Urgent Updates | May 18

Fentanyl Deaths Have Spiked Among U.S. Children And Teens
In 2021, almost 70 000 US adults fatally overdosed on fentanyl. Little is known about the extent to which the fentanyl crisis has affected the pediatric population. More than 1,500 kids under the age of 20 died from fentanyl in 2021, four times as many as in 2018. The mortality rate from fentanyl soared more than 300 percent during that period, from 0.47 per 100,000 children to 1.92 per 100,000, she found. In 2021, 40 infants and 93 children 1 to 4 years of age died from fentanyl.
Full Access: Science news

Increased cardiovascular events in young patients with mental disorders: a nationwide cohort study
Mental disorders in young patients may have deleterious effects on the incidence of both Myocardial Infarction (MI) and Ischemic Stroke (IS) events. This is evident in mental disorders including depressive disorder, bipolar disorder, schizophrenia, insomnia, anxiety disorders, post-traumatic stress disorder, personality disorder, somatoform disorder, eating disorder, and substance use disorder. There were significant interactions between age and mental disorders and between sex and mental disorders for risks of MI and IS. Cardiovascular disease prevention efforts are needed to prevent MI and IS in young patients with mental disorders.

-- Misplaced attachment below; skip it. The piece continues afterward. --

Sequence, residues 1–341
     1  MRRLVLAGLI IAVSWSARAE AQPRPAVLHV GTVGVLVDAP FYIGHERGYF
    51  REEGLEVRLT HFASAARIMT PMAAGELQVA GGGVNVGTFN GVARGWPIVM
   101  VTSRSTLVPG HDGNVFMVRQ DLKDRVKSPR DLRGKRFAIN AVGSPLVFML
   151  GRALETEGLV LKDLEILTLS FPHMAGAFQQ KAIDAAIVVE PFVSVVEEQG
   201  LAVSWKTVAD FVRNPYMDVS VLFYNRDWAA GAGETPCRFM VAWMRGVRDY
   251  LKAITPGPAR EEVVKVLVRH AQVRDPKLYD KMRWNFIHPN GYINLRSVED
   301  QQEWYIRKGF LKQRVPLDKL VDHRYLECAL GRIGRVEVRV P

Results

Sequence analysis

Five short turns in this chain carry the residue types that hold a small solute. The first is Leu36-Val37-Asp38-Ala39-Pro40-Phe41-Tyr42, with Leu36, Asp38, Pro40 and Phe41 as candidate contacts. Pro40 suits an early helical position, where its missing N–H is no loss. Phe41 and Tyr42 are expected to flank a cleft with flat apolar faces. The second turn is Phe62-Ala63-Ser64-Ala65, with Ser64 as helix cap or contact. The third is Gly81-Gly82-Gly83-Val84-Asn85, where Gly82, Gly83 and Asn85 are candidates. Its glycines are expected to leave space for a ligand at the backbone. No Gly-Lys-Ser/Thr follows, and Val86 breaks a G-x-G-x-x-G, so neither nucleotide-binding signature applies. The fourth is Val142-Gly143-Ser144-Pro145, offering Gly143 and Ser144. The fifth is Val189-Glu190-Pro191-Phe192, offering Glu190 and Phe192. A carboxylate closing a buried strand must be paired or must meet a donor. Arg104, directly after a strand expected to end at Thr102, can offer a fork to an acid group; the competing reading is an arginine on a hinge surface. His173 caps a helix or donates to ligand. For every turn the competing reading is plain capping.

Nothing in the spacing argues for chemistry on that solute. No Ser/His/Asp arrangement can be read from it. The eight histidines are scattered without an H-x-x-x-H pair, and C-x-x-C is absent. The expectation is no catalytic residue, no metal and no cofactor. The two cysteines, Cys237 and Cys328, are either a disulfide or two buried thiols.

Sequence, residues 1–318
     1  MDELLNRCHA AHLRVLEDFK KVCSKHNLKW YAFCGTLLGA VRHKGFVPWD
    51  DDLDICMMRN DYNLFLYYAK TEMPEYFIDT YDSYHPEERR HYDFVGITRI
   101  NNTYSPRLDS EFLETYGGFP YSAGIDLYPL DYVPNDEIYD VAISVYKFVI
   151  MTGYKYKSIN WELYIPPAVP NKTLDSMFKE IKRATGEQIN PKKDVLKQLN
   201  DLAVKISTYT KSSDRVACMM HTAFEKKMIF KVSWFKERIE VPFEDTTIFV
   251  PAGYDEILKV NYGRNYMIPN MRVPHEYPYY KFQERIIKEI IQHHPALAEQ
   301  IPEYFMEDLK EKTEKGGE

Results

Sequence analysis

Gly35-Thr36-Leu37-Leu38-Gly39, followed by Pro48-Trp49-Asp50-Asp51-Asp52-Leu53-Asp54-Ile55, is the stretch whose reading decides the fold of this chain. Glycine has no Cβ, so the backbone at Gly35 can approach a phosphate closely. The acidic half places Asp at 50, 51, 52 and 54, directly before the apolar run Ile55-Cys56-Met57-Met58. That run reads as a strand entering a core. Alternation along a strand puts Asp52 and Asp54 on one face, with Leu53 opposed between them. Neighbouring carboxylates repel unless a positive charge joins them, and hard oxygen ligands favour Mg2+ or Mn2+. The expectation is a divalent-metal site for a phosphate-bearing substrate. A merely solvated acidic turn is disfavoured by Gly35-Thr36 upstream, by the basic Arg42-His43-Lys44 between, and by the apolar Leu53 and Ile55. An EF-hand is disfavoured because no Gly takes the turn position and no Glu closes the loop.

Full Access: European Journal of Preventative Cardiology

Xylazine — Medical and Public Health Imperatives
Increasing use of xylazine, most often in combination with other drugs such as fentanyl, is a rapidly growing threat to human health in the United States. The effects on the central nervous system include sedation, analgesia, and euphoria. People who use xylazine, however, may develop physiological dependence, have symptoms consistent with a xylazine-related substance use disorder, and have severe withdrawal symptoms (e.g., irritability, anxiety, and dysphoria) after abrupt discontinuation. Xylazine-withdrawal symptoms are not alleviated by the administration of opioids.
Full Access: NEJM

Are Children With Prolonged Fever At A Higher Risk For Serious Illness? A Prospective Observational Study
Children with fever ≥5 days and their risks for serious bacterial infection (SBI) were compared with children with fever <5 days, including diagnostic accuracy of non-specific symptoms, warning signs and C-reactive protein (CRP; mg/L). Incidence of SBI in children with fever ≥5 days was higher than in those with fever <5 days (8.4% vs 5.7%).
Full Access: BMJ